In addition to his exhibitions in art museums and biennales, Ai came to international attention beyond art aficionados for his blog and Student Name List of 5,212 child-victims of 2008 earthquake in Sichuan province. Many were killed when cheaply constructed schools collapsed. The earthquake disaster, as Zhang Zhen argues,

“ignited the explosion of ‘citizen journalism’ in its aftermath and seems to have played a cataclysmic role in consolidating and rapidly expanding an emerging ‘citizen documentation’ movement in the digital era.”[23]

Ai believes that information belongs to the public, but China does not always share this belief. After his Sina Weibo blog was shut down by the state, he switched to twitter. He has made over twenty documentaries, which he often distributes freely on DVD or online. He co-curated the Uncooperative Attitude (titled Fuck Off in English) art exhibition in 2000. He was detained in 2011 for 81 days, then fined CN¥15.5 million (U.S.$2.4 million) for taxes.

Ai produced and directed Coronation remotely from Berlin, working with residents of Wuhan. As one review notes, their cameras offer perspectives on the city strikingly different from those of the state’s ubiquitous surveillance camera work.[24] Perched atop street lights and buildings, the government’s elevated points-of-view through the lenses of top-quality cameras differs significantly from the street-level shots on mobile phones by ordinary residents. Their devices gaze back at the state, not only for trying to divert their attention from the virus in the early days, but also to China’s Social Credit System, which rates citizens based on a variety of information, including video evidence of violations of the law such as jaywalking or playing music too loudly on public transportation.[25] The interplay of the state’s invisible mechanisms of power are resisted by the hypervisibility of Wuhan residents, documenting with their mobiles in gestures that lacks the iconicity of the high-angle image. “Tank Man” is an iconic image of an unarmed and unprotected citizen who blocked an advancing column of army tanks on Tiananmen Square in June 1989. The video images in Ai’s film are no less powerful.

Coronation emphasizes what happens on the ground. As nurses arrive in the city, a woman asks them not to say anything about the virus. She informs them simply to wave and directs them to buses. Inside the hospital, another story emerges. Doctors and nurses follow a careful process of wearing two gowns, one over the other. They check for possible air leaks. Since everyone looks the same under the protective equipment, they write names on their apparel, so that people can be identified. CCTV monitors on 16 January 2020 show one doctor following protocols through a series of three changing rooms. He must dispose of one layer of PPE, then wash his gloved hands before preceding to next room. His blood oxygen level is measured afterwards.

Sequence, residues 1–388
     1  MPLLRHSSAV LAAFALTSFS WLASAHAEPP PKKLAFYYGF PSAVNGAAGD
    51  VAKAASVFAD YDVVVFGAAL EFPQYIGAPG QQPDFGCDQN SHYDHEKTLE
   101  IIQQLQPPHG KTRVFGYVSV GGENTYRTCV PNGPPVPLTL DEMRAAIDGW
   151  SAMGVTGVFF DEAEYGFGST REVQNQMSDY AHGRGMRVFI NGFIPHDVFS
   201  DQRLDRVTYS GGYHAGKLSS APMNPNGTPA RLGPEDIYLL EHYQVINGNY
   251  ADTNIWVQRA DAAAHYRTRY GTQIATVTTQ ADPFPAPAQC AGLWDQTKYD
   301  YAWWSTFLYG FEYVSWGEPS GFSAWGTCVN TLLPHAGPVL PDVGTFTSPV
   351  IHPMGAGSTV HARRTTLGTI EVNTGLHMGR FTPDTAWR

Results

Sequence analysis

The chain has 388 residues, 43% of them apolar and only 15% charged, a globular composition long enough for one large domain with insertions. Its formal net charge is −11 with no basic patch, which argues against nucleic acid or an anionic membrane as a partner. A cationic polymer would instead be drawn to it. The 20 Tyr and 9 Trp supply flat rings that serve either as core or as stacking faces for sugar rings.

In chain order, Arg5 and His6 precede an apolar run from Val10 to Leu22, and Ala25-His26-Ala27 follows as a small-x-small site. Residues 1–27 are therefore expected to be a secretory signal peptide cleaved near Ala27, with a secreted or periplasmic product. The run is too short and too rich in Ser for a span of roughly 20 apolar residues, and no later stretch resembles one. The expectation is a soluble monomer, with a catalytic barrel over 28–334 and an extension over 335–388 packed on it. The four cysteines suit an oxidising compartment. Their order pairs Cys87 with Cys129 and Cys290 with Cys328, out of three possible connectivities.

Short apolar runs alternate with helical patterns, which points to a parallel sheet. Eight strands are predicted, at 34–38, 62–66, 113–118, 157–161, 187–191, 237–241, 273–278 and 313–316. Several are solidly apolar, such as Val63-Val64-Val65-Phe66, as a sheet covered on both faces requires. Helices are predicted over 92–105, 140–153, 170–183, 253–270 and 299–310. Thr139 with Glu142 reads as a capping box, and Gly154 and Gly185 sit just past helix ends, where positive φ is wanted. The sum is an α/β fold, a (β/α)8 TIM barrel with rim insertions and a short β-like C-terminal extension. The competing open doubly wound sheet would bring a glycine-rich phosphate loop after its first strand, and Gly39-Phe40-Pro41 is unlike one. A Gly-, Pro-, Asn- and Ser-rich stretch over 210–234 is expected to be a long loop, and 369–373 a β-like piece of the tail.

The film also shows the effects of the lockdown on the city’s residents. Home deliveries of groceries are among the few signs of movement in otherwise empty streets. Deliverers and recipients seem unsure how to interact. Others do not have the financial means for home delivery. Supplies from Tibet, including mineral water and yak meat, are sent to help people in Wuhan live under such circumstances. Other scenes show people who must work during the lockdown, for instance, workers disinfecting streets. Ai’s editing of the film, however, gradually begins to erode viewers’ trust in official reports and images. An older woman and her son chat during lockdown. As a former union leader who received awards, she says that he speaks like Party member. They hear news reports on infection rates in New York and California, and her son tells the woman that China uses GPS on phones to track spread. People get codes on smartphones; otherwise quarantine and pay.

The film makes its critique more directly toward the end. Rather than shocking images inside ERs and ICUs, it shows images, even more shocking in a different way, of efforts to suppress the transmission of information about the virus. Workers must swear allegiance to the Party and its secrets. Women perform the gesture of proper handwashing techniques to songs that seems more political than medical in their intent. A woman explains how people were unable to get treatment and died and how some were listed as dying from other causes. Images of massive amounts of medical waste suggest the resources needed to contain the virus’s spread. Other resources are allocated to marking the lockdown’s end, including official portraits and dazzling light shows on buildings. Images of this spectacle are records of the official staging of state propaganda and promotion.